The United Nations Food and Agriculture Organization says rising food prices in Asia are hurting the poor but have yet to reach a crisis level. The U.N. body says if the price of oil continues to increase the region’s food prices will follow suit.
The United Nations Food and Agriculture Organization says in Asia food prices have been affected by rising costs but not as dramatically as in other regions.
The FAO says the retail price of rice, Asia’s major staple, rose in Bangladesh by 33 percent from last year and in China by 23 percent.
But the region’s major rice producers, Thailand and Vietnam, are having good harvests that are expected to keep prices steady overall.
The FAO's representative for the Asia-Pacific region, Hiroyuki Konuma, says rising food costs in Asia are mainly affecting the region’s poor.
"Many of poor people who are so poor, they spend 50 to 70 percent of their income for food. So, if [the] price increases by 30 percent 40 percent it severely affects their purchasing power for food. And then it results in chronic hunger," Konuma said.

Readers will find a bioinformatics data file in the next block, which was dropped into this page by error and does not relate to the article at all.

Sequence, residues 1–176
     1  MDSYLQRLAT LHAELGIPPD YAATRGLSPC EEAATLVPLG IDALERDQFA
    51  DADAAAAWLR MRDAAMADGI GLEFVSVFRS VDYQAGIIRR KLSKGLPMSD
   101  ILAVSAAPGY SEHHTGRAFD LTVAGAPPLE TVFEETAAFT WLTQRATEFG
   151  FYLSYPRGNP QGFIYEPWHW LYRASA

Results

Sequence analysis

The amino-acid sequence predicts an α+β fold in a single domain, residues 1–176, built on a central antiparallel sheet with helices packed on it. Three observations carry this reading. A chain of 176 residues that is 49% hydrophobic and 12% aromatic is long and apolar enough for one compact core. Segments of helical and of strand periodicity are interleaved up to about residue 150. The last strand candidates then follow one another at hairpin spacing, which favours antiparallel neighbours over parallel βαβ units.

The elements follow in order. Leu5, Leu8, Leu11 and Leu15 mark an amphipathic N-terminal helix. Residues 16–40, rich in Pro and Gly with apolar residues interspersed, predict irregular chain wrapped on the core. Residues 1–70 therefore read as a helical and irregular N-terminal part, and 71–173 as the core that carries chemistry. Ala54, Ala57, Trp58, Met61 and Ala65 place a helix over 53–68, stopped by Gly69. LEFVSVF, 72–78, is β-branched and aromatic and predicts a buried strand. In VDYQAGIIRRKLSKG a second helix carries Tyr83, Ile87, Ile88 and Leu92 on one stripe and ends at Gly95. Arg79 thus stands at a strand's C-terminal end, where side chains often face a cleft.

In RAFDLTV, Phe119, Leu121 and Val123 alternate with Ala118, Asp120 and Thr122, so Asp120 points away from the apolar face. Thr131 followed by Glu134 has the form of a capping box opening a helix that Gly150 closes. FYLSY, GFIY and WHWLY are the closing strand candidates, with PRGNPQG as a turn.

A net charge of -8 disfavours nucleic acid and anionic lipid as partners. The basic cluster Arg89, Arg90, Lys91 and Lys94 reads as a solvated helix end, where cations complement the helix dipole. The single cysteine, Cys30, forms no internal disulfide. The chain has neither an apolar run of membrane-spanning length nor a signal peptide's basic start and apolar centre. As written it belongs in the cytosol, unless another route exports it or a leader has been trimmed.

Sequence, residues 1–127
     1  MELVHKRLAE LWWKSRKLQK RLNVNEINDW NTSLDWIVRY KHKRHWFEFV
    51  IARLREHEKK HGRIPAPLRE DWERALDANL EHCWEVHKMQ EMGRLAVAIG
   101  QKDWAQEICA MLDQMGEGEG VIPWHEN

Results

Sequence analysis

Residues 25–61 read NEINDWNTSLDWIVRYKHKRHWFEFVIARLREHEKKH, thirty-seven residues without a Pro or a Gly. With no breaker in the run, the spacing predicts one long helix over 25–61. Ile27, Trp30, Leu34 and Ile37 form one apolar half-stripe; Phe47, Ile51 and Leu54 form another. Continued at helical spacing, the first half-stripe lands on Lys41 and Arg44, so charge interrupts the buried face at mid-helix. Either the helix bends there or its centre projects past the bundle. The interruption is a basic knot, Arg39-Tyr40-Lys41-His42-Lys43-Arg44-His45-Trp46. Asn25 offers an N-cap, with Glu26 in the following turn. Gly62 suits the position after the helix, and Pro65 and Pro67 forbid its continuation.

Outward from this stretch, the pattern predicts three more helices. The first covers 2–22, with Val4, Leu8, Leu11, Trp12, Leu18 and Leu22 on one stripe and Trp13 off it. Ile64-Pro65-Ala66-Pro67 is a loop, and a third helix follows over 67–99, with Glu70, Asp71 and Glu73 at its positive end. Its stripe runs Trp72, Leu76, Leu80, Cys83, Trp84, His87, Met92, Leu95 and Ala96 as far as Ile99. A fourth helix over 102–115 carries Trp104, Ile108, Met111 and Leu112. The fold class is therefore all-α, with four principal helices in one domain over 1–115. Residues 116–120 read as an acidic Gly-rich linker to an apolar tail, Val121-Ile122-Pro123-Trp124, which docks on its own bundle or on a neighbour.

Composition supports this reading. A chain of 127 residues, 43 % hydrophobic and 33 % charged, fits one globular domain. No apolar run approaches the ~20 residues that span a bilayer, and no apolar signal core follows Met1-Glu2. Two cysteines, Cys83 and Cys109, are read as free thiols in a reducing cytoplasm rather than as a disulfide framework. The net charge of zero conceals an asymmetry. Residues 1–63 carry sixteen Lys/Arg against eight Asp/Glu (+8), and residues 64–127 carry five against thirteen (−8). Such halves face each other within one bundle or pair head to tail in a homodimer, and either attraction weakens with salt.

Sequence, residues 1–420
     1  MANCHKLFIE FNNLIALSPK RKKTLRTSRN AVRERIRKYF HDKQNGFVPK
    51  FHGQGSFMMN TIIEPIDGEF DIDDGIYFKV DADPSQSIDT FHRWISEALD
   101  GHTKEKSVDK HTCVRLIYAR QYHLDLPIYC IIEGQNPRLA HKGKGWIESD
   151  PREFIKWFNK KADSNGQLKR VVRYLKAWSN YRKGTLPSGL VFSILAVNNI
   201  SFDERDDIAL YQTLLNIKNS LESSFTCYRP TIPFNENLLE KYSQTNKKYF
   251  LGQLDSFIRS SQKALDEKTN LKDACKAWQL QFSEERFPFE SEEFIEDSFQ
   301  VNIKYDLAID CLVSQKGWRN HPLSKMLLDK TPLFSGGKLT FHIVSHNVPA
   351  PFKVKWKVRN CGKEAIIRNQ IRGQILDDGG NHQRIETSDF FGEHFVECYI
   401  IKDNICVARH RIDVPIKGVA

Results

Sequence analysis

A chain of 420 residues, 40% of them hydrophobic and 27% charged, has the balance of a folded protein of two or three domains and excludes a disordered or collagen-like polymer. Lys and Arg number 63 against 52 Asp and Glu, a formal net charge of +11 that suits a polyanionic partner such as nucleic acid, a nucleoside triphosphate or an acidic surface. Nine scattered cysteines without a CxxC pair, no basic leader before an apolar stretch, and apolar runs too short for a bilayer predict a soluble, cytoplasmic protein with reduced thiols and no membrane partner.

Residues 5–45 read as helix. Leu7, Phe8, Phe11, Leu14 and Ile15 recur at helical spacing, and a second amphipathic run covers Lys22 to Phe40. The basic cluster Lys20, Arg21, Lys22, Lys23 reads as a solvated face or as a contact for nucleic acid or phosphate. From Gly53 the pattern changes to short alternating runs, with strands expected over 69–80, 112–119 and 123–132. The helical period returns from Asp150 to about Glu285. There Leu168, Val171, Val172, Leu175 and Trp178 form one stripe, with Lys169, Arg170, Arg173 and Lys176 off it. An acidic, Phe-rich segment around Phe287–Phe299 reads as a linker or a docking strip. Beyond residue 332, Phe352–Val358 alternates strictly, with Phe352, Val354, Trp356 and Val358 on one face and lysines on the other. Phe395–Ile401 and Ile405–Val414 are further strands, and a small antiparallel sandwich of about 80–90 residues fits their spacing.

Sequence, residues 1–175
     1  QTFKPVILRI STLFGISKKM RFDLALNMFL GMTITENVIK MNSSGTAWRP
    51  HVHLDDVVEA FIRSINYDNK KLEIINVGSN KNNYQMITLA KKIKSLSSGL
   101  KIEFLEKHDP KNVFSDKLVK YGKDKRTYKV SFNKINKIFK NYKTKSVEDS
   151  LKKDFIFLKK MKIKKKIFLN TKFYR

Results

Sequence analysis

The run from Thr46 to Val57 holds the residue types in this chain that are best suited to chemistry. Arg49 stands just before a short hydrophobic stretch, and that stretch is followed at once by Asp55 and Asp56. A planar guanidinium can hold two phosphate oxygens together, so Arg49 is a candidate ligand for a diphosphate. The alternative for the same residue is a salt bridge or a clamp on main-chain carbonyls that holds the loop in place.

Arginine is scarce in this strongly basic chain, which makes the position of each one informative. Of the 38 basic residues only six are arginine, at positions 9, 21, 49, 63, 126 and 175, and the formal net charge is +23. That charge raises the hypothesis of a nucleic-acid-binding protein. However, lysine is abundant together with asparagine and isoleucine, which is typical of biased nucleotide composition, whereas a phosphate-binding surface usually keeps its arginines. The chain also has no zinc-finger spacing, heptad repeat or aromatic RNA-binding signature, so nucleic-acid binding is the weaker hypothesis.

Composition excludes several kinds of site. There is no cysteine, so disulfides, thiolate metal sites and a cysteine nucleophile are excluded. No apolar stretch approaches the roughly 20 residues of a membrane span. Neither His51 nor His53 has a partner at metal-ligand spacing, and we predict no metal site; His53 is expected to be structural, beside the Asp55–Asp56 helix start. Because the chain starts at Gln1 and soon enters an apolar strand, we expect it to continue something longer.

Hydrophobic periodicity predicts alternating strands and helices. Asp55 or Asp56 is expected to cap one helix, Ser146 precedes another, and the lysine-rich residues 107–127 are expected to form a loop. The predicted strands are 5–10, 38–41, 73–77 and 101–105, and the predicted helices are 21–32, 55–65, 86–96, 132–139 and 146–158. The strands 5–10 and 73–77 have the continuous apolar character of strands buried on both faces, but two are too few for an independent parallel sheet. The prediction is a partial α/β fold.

Konuma says the region’s rice production is expected to increase by more than two percent this year while wheat production will decline about four percent.
The FAO says world food prices hit a record high in February as the cost of oil was driven up by political instability in the Middle East and North Africa.
Despite adequate supplies of rice, some Asian nations appear concerned that rising oil costs could eventually affect food supplies.
Reports say Burma in February halted all rice exports.
Burma is not a major rice producer but the move indicates concerns that rice prices may rise as transportation costs increase.
Konuma says the FAO is carefully monitoring oil prices for any affects on Asia.
"It's a bit premature to say, but if the oil price goes up to the level that happened in 2007, 2008, to $140, $150 per barrel, it will seriously affect the production costs of the food," Konuma added.
Food price increases in 2007 and 2008 led some countries in the region to stockpile food and temporarily ban grain exports.
The FAO says while stockpiling emergency supplies is understandable, hoarding staples and banning exports only made the situation worse.